Australia sees 13pc rise in cybercrime reports as Covid-19 pushes more people online

The Australian Cyber Security Centre (ACSC) received one cybercrime report every eight minutes over the 12 months to June 30, 2021, with a record number of Australians working remotely online during the pandemic. — iStock pic
The Australian Cyber Security Centre (ACSC) received one cybercrime report every eight minutes over the 12 months to June 30, 2021, with a record number of Australians working remotely online during the pandemic. — iStock pic

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SYDNEY, Sept 15 ― Australia saw a 13 per cent jump in cybercrime reports in the past year, the government said today, with about one incident in four targeting critical infrastructure and essential services as many work from home during the Covid-19 pandemic.

The Australian Cyber Security Centre (ACSC) received one cybercrime report every eight minutes over the 12 months to June 30, 2021, with a record number of Australians working remotely online during the pandemic, it said in its annual report published on Wednesday.

Hackers have pivoted to exploit Covid-19 and are actively targeting vulnerable people and health services to conduct espionage, and steal money and sensitive data, Assistant Minister of Defence Andrew Hastie said in a statement.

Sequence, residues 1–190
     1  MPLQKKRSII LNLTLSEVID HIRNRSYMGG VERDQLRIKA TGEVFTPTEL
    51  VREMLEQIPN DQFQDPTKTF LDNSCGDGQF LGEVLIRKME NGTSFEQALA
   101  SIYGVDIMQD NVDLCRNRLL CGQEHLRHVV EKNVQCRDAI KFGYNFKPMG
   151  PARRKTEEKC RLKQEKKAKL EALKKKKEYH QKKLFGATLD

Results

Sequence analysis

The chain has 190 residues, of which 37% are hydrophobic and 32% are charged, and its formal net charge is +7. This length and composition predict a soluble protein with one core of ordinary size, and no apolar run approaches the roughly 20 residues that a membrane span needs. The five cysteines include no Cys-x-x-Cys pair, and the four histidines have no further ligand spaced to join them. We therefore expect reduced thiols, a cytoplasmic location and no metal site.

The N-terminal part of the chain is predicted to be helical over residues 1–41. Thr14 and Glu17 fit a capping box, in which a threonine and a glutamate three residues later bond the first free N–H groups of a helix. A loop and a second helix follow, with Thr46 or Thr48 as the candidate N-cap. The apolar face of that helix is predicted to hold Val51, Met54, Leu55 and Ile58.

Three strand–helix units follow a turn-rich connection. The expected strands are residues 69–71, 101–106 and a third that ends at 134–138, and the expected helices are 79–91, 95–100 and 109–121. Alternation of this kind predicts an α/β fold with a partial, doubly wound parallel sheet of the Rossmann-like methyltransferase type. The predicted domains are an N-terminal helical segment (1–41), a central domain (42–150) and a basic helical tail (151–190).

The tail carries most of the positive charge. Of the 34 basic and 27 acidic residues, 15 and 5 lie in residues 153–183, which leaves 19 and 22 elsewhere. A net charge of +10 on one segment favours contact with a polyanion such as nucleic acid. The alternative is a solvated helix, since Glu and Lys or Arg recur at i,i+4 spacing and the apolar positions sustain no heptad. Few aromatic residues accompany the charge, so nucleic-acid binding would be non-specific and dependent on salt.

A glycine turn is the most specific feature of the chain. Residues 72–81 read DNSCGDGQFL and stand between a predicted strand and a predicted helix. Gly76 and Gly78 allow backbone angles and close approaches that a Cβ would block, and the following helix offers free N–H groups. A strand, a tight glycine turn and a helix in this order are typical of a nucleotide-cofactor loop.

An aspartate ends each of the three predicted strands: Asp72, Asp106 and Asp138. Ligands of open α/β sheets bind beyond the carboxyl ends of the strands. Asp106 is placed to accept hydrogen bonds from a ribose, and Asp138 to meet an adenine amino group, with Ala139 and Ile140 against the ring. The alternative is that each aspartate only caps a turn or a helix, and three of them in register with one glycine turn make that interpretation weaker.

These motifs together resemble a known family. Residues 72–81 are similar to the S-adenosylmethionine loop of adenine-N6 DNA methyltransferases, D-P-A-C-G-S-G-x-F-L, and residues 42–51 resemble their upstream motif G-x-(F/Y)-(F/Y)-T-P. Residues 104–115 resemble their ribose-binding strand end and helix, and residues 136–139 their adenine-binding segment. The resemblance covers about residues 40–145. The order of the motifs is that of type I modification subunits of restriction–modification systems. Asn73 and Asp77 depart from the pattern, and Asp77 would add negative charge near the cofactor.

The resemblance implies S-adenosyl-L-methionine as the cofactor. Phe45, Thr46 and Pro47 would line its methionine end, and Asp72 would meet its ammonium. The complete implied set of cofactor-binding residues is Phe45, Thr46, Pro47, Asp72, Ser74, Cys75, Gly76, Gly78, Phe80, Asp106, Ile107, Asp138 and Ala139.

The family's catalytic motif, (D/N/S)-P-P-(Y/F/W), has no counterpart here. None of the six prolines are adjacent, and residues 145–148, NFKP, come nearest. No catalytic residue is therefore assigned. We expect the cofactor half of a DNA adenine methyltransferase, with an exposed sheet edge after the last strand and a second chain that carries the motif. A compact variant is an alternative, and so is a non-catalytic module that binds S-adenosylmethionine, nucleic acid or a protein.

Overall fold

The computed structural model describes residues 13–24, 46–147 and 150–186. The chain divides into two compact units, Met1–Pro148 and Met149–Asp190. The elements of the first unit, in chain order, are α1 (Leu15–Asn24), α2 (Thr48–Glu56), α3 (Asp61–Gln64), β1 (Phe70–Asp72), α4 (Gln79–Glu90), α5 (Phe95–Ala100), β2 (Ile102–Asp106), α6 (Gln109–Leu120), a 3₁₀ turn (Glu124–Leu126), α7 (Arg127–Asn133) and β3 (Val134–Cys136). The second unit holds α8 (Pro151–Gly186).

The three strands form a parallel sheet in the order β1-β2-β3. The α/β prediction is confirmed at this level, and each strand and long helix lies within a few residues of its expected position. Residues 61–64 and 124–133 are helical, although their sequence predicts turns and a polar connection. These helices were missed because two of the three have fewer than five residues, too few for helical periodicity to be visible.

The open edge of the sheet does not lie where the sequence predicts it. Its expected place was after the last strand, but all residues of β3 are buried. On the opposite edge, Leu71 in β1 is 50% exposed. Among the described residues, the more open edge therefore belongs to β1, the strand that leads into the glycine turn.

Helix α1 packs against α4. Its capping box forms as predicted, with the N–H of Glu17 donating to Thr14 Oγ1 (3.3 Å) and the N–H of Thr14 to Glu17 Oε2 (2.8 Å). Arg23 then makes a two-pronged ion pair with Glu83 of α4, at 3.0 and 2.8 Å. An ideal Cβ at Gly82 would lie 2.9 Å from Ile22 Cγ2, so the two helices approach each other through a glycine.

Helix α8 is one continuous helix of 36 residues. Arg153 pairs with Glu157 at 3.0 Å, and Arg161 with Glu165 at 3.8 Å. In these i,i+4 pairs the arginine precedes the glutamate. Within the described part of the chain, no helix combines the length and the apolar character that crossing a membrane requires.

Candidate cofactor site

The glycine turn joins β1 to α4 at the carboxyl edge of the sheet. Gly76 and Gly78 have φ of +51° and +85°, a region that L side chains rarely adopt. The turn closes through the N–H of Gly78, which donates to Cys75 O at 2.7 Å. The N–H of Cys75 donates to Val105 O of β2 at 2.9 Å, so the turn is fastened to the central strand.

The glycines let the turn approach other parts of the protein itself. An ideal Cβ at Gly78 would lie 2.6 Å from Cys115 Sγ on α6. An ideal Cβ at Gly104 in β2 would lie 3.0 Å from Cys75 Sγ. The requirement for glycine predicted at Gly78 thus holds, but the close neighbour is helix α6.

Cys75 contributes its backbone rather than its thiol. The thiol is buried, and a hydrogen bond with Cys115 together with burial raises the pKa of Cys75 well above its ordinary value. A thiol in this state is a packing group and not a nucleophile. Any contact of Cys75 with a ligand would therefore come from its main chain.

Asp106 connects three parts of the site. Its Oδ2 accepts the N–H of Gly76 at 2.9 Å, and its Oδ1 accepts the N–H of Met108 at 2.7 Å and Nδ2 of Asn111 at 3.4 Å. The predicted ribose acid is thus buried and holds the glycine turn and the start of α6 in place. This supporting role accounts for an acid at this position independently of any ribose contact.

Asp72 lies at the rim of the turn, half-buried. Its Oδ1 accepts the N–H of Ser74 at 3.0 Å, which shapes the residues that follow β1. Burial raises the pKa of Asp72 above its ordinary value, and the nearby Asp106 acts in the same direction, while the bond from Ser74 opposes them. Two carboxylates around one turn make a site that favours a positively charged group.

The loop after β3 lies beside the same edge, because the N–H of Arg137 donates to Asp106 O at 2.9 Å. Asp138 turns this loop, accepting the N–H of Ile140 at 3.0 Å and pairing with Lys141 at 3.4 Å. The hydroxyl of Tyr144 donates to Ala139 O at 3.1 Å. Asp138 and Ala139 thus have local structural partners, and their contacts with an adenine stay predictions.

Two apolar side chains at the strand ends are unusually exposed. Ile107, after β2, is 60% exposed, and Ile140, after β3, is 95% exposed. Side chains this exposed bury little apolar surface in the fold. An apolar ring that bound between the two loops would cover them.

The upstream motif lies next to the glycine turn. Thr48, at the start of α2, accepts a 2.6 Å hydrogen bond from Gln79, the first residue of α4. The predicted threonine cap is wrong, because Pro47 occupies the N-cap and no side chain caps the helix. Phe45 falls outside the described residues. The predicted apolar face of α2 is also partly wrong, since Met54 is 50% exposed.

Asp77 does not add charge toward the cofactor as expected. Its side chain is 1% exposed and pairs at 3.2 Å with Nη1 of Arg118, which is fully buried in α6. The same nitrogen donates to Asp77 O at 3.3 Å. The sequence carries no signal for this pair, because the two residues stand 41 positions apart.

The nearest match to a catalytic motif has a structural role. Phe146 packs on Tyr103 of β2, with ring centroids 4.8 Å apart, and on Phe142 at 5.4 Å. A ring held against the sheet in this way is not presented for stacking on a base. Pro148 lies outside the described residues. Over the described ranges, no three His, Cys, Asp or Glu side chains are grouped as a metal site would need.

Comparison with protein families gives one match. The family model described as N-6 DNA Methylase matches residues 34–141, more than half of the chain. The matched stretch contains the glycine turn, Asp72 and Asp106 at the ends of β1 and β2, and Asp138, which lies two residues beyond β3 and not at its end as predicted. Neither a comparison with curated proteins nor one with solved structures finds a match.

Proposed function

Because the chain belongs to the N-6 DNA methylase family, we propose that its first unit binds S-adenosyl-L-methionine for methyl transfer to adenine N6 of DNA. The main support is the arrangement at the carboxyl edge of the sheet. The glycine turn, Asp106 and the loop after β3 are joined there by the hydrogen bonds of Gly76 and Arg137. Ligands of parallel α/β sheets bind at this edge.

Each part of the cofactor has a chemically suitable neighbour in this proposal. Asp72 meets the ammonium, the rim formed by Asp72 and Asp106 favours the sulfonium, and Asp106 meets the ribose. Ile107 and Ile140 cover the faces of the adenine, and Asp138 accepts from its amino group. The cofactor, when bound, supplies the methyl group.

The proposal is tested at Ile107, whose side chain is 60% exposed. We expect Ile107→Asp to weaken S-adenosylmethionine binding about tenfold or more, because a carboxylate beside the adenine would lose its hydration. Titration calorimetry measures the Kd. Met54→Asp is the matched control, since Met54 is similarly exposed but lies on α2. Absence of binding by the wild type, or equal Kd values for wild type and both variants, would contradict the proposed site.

Ransomware incidents increased nearly 15 per cent, with the health sector reporting the second-highest number of attacks. Ransom software works by encrypting victims' data and typically hackers will offer a key in return for cryptocurrency payments that can run into millions of dollars.

“Malicious cyber criminals are escalating their attacks on Australians,” Hastie said.

In June last year, Australia said it was being targeted by a “sophisticated state-based cyber actor” with the attacks targeting all levels of the government, political parties and essential service providers. Sources told Reuters that Australia viewed China as the chief suspect, which Beijing had denied.

The United States and its allies, including Australia, in July this year had accused China of a global cyberespionage campaign, which Secretary of State Antony Blinken said posed “a major threat to our economic and national security”. ― Reuters

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